"Not including management fees, the NEA's only officially endorsed "retirement program" - the Security Benefit Life Insurance Corporation's Valuebuilder annuity - charges 0.9 percent to 2.6 percent a year. Throw in management fees, and the least expensive option costs a teacher 1.73 percent of her account balances each year, while the most expensive costs 4.85 percent.
Over time, a fee that large is devastating. Without inflation, the educator would have to earn nearly 5 percent each year simply not to lose money. Consider a teacher who socks away $500 a month and earns an average yearly return of 10 percent for 35 years: She'd wind up with $1,788,760 upon retirement - quite a sizeable nest egg. But if she were paying 4.85 percent in fees, she'd accumulate less than one-third as much - just $587,854.
It appears that the NEA is willing to endorse a shoddy plan in exchange for a contribution to its coffers. In 2004, the union collected nearly $50 million from the investment vehicles it endorsed."
Is anyone even slightly surprised here?
All this, too, after Attorney General Eliot Spitzer sued the benefits arm of the NY state teachers union for accepting nearly $3 million a year from an investment firm, in exchange for exclusively endorsing a high-cost retirement plan.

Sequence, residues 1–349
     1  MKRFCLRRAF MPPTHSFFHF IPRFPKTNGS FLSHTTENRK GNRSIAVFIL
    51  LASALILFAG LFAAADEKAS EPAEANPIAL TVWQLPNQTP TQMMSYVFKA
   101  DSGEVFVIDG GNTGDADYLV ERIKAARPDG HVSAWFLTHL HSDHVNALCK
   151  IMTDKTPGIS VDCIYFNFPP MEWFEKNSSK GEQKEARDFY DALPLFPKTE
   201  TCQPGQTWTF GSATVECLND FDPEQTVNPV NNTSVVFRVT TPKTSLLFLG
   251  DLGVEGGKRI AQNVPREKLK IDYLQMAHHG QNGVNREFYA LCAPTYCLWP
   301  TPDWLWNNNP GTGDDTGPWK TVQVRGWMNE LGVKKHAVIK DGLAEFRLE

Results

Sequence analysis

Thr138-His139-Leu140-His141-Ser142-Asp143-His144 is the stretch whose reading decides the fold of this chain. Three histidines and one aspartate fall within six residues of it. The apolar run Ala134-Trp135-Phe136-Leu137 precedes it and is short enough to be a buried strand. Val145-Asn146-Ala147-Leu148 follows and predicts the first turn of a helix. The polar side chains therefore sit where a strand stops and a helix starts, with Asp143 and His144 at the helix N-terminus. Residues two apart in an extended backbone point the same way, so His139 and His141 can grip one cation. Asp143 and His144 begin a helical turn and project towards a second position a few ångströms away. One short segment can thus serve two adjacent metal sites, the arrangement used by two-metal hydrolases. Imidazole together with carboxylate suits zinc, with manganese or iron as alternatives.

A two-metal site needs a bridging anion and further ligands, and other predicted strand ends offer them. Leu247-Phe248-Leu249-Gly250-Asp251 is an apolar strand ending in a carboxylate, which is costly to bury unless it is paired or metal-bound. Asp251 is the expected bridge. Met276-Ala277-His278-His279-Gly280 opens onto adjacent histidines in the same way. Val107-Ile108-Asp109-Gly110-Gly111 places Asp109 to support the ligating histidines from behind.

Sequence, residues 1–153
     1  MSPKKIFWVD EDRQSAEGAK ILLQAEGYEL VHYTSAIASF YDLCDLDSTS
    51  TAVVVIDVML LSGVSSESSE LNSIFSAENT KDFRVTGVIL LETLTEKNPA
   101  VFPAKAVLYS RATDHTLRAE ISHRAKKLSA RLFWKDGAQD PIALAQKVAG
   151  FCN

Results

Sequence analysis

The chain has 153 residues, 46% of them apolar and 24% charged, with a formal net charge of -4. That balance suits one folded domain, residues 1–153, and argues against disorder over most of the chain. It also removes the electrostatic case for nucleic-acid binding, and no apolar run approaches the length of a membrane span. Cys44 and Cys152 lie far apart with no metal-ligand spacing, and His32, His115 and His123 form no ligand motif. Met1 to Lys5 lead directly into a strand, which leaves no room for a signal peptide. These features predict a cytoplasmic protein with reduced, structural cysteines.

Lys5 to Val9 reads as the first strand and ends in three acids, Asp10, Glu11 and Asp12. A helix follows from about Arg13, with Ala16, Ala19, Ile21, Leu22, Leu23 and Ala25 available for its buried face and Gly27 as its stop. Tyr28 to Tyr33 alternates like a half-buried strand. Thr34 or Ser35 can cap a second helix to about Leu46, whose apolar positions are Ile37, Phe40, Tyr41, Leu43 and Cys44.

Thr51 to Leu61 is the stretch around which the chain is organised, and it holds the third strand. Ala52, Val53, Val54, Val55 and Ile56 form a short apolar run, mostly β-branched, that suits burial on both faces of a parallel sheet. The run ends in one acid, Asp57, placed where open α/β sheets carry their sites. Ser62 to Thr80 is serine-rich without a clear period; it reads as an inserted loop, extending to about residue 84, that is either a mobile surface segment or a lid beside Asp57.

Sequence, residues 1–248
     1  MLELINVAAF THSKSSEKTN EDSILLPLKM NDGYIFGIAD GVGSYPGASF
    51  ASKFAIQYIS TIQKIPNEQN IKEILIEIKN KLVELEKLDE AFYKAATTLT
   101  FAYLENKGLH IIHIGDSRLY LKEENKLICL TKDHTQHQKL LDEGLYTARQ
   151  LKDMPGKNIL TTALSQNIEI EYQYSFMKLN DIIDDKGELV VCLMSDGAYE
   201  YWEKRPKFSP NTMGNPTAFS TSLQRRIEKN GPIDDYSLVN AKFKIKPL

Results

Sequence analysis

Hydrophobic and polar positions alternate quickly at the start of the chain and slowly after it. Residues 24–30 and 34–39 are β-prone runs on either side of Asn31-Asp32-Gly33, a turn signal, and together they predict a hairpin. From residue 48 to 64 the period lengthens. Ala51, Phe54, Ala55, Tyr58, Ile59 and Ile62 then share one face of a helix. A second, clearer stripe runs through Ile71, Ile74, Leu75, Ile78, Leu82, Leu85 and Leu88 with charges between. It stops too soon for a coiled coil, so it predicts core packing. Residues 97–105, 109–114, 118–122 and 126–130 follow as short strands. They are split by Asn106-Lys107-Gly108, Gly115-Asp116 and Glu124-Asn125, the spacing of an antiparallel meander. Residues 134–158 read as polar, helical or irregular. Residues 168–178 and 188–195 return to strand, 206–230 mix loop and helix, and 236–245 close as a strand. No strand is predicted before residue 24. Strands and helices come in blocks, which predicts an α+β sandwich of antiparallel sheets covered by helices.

Juan Cole is a good guide to evaluating the Pope's remarks about Islam.
Because the truth is reliably the opposite of whatever Juan Cole says it is.
by Thomas Holsinger
The marine biologists at UC Santa Cruz are probably the world's foremost authorities on elephant seals due to the proximity of the world's largest elephant seal rookery on Ano Nuevo Spit.
The following is a true story (I was there) about "Lady Clairol's special hair dye for elephant seals," and a confrontation between UCSC professor Burney LeBoeuf and a secret naval CBW research installation while I was an undergraduate (1967-71)...
The west coast elephant seals were almost wiped out by 19th century hunters; less than a dozen survived. There are presently several thousand of them but their genetic diversity is nil. Cheetahs have the same problem but the cause of their long-ago population crash is not known.
Bull elephant seals in good health can weight over a ton; I don't precisely recall their length; at least a dozen feet is my best guess. Their land maneuverability is wretched, though they can lunge several times their own length in a forward direction. These are the seals with the ugly long inflatable snout which lets them produce really amazing roars.
UCSC was too new to have a graduate program in 1967-75 so Professors LeBoeuf and Peterson conscripted undergraduates to help them study elephant seals. Professor Peterson was my freshman year advisor. He was also the "preceptor" (faculty member who had a downstairs apartment in a student dorm to deter students from using fire hoses in waterfights, etc.) of Dorm Seven at Adlai Stevenson College my freshman year, so a lot of undergraduates there were his helpers.